There is one salient point in the original article that I would like to emphasize.  “Technique receives receives a great deal of emphasis in the Soviet system.  They believe that correct technique will lead to proper development of the muscles.”  Do your exercise properly, and don’t be in a rush to add weight to the detriment of proper form.  You’ll not only increase your muscular development, but you’ll reduce the chance of injuries.

     Hip Belt Squats are another exercise described back in 1984.  By standing on boxes and having the weights hung from a belt around their waist, a great deal of strength was built for their lifters.  Naturally, today there are specially made Hip-Belts that can be easily purchased.  They place no undue stress on the lower back, and can be used by those who have difficulty doing regular back squats.  Overhead Squats and Lunges are also mentioned, but I’m not sure about their efficacy.  If you have the flexibility and are able to do overhead squats then perhaps they can be utilized.  I’ve never been able to do them, and I feel that there are other movements ( Hip-Belt Squats, Hammer Leg Press, Weighted Step-Up) that are safer and more effective.  Lunges seem to be have gained a resurgence in popularity.  And while they may be effective in developing a greater range of motion, I’m not sold on their effectiveness as a strength builder.  But as in anything else insofar as it relates to lifting, you must do what works for you.

     Good Mornings are mentioned as both a warm-up and as a part of a main workout routine.  I can think of few- if any- exercises that are more effective at building lower-back strength and development.  I’ve always liked doing Good Mornings, and they have played a large part in my workouts over the years.  Again, I would like to emphasize that Good Mornings are not for everyone.  If you can do them safely without injuring your back, then break into them slowly, and always use proper form.  If they are not for you, then do something that agrees with you.  Nobody knows you like you know yourself.  Never do an exercise that can cause pain or injury.  

     Parallel Bar Dips are also mentioned.  I can’t think of a more effective way to build upper-body strength than dips.  You’ll not only increase your Bench Press, but you will build all-around power in your shoulders, arms, and chest. I’ve always liked doing dips.  When I was competing, I never did Incline Presses, but I did do plenty of dips.  They are a fantastic movement. The key, of course, is to do the exercise properly.  Slow, controlled reps with NO bouncing at the bottom should be the aim of anyone doing this great movement.  In other words, don’t follow the YouTube warriors who hang weights off their waists and bounce up and down in half-repetitions.  Your shoulders will thank you as you get older.  Incidentally, the original article claimed that former World and Olympic champion Yuri Vlasov supposedly performed dips with 100kg of additional weight.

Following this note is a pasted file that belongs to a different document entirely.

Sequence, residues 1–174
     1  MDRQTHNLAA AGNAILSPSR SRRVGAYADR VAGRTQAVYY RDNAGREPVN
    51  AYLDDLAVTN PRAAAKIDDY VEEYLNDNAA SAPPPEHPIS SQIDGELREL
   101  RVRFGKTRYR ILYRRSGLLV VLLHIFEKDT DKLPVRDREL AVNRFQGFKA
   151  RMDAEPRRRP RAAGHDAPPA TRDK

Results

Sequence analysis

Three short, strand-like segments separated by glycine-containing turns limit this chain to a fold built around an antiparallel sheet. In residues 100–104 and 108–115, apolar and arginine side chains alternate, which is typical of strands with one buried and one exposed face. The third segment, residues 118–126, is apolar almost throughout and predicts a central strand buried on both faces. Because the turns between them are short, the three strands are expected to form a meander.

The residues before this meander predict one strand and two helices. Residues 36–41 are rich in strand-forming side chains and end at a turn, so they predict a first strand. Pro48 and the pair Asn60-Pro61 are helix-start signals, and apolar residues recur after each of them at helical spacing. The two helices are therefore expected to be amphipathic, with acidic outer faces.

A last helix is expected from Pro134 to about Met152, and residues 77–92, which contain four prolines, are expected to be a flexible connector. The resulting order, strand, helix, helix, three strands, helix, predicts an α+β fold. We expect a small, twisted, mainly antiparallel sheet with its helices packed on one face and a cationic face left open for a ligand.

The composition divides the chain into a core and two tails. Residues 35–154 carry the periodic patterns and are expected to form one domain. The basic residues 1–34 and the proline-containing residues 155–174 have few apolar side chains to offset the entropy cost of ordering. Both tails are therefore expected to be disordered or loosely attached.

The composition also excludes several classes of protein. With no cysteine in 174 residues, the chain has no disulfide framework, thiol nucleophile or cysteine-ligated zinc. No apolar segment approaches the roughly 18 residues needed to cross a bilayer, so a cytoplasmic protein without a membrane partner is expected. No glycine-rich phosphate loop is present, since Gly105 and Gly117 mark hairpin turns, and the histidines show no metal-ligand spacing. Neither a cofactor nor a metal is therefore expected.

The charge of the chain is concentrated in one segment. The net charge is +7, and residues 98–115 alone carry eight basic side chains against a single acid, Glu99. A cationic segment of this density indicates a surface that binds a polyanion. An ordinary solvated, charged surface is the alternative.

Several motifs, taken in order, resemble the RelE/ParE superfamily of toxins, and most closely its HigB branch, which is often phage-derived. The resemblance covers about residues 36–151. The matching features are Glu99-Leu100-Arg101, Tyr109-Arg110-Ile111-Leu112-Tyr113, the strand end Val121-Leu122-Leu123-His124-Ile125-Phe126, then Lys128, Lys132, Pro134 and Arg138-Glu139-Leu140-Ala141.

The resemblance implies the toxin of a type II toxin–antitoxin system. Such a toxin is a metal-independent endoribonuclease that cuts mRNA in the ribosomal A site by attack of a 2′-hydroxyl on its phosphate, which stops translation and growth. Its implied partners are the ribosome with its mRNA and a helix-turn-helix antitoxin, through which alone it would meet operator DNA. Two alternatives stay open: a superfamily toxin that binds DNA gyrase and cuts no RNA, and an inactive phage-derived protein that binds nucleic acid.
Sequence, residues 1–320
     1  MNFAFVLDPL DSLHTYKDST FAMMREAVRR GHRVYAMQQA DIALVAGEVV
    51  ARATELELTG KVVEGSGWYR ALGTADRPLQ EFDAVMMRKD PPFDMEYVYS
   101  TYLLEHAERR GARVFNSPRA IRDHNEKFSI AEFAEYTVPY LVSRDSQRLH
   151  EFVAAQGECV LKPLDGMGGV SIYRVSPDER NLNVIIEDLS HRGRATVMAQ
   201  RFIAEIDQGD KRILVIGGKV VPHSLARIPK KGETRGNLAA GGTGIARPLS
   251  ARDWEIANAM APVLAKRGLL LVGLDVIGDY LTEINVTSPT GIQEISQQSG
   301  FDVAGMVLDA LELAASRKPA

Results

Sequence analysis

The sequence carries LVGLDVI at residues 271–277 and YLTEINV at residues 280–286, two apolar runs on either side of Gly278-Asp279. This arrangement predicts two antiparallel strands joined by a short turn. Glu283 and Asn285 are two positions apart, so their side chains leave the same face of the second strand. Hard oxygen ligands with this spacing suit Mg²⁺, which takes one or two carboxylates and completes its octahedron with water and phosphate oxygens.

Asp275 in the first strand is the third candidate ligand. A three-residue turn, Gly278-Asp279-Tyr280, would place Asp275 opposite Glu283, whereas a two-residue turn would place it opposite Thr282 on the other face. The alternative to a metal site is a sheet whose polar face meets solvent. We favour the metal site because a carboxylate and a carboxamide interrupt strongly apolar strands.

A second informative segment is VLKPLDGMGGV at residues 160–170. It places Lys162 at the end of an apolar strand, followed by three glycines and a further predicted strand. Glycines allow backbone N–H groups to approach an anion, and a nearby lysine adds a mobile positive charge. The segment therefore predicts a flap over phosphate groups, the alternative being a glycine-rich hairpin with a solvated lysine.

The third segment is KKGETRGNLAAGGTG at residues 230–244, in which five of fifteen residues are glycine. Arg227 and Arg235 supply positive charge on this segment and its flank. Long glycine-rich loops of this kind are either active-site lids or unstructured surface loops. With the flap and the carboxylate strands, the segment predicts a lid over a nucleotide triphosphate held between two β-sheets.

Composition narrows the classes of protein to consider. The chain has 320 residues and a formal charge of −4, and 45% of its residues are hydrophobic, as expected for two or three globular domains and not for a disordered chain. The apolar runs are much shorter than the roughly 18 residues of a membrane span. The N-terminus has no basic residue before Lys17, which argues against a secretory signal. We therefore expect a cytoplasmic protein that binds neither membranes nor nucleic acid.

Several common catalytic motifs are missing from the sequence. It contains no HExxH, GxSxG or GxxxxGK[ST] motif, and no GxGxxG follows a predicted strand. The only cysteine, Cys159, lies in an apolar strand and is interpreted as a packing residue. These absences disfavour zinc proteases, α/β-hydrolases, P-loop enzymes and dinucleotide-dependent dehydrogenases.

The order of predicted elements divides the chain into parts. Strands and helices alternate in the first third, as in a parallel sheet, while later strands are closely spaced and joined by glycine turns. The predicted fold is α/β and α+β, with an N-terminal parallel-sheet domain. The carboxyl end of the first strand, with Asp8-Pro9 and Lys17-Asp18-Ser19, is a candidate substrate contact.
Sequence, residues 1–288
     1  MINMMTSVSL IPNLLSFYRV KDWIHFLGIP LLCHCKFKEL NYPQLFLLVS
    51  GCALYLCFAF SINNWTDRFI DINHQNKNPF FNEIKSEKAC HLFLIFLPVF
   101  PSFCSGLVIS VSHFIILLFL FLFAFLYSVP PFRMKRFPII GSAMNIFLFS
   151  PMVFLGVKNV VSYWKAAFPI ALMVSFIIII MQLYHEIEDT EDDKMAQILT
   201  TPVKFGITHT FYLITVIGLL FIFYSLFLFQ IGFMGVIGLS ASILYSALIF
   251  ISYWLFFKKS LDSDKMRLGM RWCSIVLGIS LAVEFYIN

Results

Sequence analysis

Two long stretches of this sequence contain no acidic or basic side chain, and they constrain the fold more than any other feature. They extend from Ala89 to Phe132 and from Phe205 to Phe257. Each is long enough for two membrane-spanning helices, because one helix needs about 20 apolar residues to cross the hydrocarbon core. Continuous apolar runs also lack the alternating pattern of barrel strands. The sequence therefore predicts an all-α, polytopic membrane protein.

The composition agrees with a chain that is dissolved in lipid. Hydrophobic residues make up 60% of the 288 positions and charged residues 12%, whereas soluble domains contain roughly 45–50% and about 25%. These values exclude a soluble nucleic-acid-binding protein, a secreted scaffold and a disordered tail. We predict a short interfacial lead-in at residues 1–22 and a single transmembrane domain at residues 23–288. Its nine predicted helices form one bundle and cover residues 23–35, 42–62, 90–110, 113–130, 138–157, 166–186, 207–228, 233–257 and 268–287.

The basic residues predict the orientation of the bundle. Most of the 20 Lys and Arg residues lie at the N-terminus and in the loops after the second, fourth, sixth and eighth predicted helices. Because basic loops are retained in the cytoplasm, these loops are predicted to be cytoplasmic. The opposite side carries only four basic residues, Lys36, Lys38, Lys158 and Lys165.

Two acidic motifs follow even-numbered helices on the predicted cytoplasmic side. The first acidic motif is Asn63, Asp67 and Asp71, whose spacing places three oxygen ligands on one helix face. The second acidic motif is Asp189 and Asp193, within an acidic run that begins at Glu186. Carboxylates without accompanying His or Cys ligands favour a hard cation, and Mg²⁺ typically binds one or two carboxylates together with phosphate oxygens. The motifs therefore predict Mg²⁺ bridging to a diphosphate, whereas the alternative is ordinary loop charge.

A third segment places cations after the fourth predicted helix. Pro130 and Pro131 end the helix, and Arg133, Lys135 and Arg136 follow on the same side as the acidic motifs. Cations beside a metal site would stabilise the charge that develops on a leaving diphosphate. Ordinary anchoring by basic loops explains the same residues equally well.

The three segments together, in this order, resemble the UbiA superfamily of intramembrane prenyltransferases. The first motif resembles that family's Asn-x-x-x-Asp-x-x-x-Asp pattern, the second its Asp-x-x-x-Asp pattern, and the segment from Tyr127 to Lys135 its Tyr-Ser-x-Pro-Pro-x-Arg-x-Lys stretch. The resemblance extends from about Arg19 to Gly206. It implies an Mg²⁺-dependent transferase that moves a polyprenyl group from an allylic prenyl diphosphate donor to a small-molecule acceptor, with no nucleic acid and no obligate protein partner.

The last supplementary exercise is one that I have never really used, but I mention it because it was supposedly a favorite of the late, great Vasily Alexeyev.  The French Dumbbell Curl was believed to prevent elbow injuries.  According to Soviet coaches, he used them with high repetitions. I was not aware of Alexeyev doing these, but since he trained primarily by himself, who’s to know?  If you want to give them a try, I would recommend that you don’t try to go too heavy.  

     Supplementary exercises played a vital role in the training of Soviet weightlifters, and the large variety of movements was responsible for a large part of their success.  Of course, there were other factors which contributed to their success on the lifting platform, which I will not discuss here.  But for someone who is determined to get stronger, assistance movements are vital to not only increasing your lifts, but in building all-around strength.  The movements I listed in this article are still popular here in the United States nearly forty years after the original article appeared.